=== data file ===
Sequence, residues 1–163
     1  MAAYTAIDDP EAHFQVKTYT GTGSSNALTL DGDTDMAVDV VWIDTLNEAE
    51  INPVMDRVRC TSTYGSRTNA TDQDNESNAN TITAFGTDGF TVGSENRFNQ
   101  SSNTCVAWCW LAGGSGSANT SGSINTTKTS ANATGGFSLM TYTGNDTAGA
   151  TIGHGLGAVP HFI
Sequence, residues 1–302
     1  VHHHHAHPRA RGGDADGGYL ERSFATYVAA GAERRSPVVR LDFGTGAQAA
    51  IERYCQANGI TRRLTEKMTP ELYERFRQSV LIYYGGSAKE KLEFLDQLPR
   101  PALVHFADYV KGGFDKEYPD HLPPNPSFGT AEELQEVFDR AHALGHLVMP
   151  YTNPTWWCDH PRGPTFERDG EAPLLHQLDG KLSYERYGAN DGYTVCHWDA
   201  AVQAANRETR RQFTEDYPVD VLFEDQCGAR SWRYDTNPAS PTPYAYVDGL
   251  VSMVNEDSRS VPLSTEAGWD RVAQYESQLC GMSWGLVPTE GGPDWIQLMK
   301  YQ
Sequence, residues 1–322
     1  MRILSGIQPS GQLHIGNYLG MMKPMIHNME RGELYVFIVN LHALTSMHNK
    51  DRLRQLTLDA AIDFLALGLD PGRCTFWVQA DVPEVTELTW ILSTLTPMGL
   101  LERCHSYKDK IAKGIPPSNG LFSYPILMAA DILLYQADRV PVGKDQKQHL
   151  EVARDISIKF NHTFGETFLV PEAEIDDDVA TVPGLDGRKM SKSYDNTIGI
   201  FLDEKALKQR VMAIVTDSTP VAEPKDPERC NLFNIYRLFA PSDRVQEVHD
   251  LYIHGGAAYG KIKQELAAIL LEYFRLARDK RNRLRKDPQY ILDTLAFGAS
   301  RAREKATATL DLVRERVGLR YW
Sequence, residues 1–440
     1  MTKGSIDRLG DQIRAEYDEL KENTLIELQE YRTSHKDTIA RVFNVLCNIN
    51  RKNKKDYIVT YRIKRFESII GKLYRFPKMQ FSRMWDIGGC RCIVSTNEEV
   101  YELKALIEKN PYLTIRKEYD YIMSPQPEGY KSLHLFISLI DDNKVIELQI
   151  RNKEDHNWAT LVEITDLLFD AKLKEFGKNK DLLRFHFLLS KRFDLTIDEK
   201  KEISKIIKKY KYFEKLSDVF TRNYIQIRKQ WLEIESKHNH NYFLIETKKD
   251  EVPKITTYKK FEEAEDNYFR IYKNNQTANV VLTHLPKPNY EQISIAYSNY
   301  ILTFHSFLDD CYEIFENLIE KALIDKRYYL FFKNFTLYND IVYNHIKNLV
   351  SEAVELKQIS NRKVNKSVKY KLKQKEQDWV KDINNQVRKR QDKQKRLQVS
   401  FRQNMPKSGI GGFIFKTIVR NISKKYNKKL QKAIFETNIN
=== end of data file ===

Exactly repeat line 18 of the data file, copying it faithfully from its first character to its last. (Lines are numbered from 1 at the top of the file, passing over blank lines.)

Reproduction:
   151  EVARDISIKF NHTFGETFLV PEAEIDDDVA TVPGLDGRKM SKSYDNTIGI